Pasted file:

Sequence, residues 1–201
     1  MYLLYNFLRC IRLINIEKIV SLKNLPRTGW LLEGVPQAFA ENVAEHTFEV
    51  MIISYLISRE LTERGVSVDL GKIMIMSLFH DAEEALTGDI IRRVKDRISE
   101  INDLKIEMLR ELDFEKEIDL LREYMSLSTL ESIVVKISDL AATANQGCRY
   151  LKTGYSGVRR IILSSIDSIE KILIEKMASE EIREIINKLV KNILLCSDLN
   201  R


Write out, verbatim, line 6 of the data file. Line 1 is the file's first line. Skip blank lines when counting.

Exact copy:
   201  R